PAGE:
0370 270 6000

Threatening reform?

25 July 2011

In its eleventh programme of reform, the Law Commission has announced it will consider reforming the laws relating to groundless threats.

Currently, groundless threats of trade mark, design or patent litigation can be causes of action themselves.

Sabre rattling should obviously be discouraged, particularly as just the threat of infringement can be enough to make customers defect to rightsholders to avoid the threat of litigation.

But businesses harmed by allegations of infringement are often reluctant to bring a claim for groundless threats, particularly as they could be ordered to provide security for the rightsholder’s costs. When claims for groundless threats are brought, the costs can be disproportionate to the damage done by a threat. And in practice, the threats provisions can cause costs to increase, because rather than encouraging a litigant to set out its case clearly (which could result in an early settlement), litigants may seek to artificially narrow their claim to avoid threats actions.

So whilst the rationale behind the threats provisions is admirable, in practice they do not function effectively. Part of the solution may be amendment to the Civil Procedure Rules to allow declarations that threats are unjustified to be brought cheaply and quickly.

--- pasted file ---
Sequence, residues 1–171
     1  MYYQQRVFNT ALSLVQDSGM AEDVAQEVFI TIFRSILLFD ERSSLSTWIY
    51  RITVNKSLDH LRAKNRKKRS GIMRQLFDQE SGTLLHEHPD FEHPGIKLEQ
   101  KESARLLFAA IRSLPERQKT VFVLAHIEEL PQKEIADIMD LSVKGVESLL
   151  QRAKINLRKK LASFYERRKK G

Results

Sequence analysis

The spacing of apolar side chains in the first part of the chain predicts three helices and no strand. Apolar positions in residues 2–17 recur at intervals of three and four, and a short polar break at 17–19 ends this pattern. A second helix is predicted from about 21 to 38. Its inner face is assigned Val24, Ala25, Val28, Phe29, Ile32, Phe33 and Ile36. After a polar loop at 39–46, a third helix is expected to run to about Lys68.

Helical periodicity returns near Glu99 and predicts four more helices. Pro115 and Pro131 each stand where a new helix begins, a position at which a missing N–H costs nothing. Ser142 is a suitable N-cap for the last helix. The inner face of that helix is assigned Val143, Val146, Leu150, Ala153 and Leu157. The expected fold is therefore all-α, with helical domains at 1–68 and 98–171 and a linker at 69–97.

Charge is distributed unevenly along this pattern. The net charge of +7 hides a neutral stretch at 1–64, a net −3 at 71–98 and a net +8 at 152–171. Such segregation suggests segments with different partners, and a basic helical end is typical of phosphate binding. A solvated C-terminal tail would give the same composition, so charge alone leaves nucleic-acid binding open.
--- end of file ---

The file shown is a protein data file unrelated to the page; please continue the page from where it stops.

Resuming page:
Related opinions

80% hours for 100% pay? That’ll do nicely

As has been widely reported this week, some 3,000 UK workers are taking part in a six month trial to assess the viability of a four-day working week without any reduction in their normal pay.

View blog

Are whistleblowers entitled to keep their employer’s confidential documents?

In Nissan v Passi, the High Court recently considered the issue of an employee retaining confidential documents belonging to his former employer in the context of the employer’s application for an injunction seeking the return of such documents from the employee.

View blog

Important opportunity to comment on case law precedent

The UK government is considering extending this power to depart from retained EU case law to additional lower courts and tribunals, namely the Court of Appeal in England and Wales and the High Court of Justice in England and Wales and their equivalents.

View blog

Sky’s overly broad trade marks narrowed as found partially invalid for bad faith

Lord Justice Arnold has applied the guidance of the Court of Justice of the European Union (CJEU) to the evidence before him, in the long standing trade mark dispute between Sky and Skykick.

View blog

Mailing list sign up

Select which mailings you would like to receive from us.

Sign up